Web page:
Built out of strongly acted moments of unflinching honesty, Josh Mond’s UWS-set feature debut redeems the indie grief movie—take that as an endorsement and a warning. It doesn’t use the occasion of stage 4 cancer as an opportunity for personal growth (whatever that means), nor is its title character hip to the idea of maturation to begin with. James (Girls’ Christopher Abbott) spends his nights in clubs, drinking to oblivion and picking up random conquests. These early scenes play like a grown-up Kids, until the double shot of his father’s death and his mother succumbing to a disease thought to be in remission send James into a frenetic tailspin.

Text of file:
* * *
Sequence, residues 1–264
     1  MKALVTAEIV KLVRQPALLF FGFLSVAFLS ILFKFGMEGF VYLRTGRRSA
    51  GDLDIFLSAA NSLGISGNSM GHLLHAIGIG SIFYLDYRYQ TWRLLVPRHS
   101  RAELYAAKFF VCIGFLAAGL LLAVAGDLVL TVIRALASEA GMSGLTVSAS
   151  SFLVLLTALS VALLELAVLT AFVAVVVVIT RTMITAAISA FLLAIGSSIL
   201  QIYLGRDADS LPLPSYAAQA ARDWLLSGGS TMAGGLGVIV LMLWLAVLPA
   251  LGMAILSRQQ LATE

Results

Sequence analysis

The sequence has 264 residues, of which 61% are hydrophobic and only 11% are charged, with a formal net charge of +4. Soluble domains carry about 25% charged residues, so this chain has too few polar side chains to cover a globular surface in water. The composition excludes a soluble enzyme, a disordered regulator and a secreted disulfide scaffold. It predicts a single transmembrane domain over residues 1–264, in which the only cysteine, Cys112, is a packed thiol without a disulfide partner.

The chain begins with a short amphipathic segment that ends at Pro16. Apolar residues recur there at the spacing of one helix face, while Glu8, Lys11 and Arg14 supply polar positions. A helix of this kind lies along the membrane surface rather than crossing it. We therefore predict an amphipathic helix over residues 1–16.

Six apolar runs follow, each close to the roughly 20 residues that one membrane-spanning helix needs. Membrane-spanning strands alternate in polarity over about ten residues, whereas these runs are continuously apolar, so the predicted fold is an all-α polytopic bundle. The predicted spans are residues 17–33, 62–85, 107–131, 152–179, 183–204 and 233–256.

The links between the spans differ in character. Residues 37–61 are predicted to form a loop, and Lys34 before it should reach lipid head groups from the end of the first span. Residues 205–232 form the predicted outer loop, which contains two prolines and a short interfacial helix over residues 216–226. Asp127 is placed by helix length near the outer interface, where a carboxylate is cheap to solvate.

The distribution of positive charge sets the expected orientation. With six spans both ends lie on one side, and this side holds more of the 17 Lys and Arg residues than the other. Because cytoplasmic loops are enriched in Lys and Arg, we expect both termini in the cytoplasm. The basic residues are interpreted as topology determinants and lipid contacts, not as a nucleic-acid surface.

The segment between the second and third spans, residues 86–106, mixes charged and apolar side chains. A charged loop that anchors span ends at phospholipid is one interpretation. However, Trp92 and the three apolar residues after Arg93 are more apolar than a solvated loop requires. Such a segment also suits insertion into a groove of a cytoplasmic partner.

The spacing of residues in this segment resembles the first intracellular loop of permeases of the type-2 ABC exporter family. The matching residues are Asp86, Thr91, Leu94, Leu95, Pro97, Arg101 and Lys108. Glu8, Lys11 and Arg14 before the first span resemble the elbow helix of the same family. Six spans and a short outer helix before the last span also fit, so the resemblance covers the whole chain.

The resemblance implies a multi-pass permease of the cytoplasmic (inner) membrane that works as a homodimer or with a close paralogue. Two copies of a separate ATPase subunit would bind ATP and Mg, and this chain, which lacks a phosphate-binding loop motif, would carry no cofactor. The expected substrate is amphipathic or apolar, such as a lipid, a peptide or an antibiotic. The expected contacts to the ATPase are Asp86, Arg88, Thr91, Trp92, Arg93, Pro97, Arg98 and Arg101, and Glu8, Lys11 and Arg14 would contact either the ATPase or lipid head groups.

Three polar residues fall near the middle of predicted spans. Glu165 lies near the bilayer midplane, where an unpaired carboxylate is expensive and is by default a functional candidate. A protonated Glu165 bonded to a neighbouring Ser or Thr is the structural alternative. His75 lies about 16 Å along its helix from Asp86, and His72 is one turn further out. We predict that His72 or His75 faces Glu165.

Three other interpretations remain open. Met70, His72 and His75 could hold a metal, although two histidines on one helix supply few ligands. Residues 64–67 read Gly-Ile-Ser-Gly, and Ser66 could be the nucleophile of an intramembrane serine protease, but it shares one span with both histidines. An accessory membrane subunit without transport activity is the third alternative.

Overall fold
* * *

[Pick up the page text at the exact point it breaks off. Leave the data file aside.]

Cynthia Nixon commits wholly to her role’s maternal patience and scattered mental decay, but it’s Abbott who really dominates James White, ping-ponging through hospital wards and a spectacularly botched job interview with natural magnetism. He also delivers a heartbreaking monologue about the life they all could have led, one with grandkids and satisfactions, spoken in an insistent tone of reassurance that doesn’t quite fool anybody. It’s the smallest of gifts in a film that’s refreshingly unconcerned with happy endings. You may find you won’t want one in this case.
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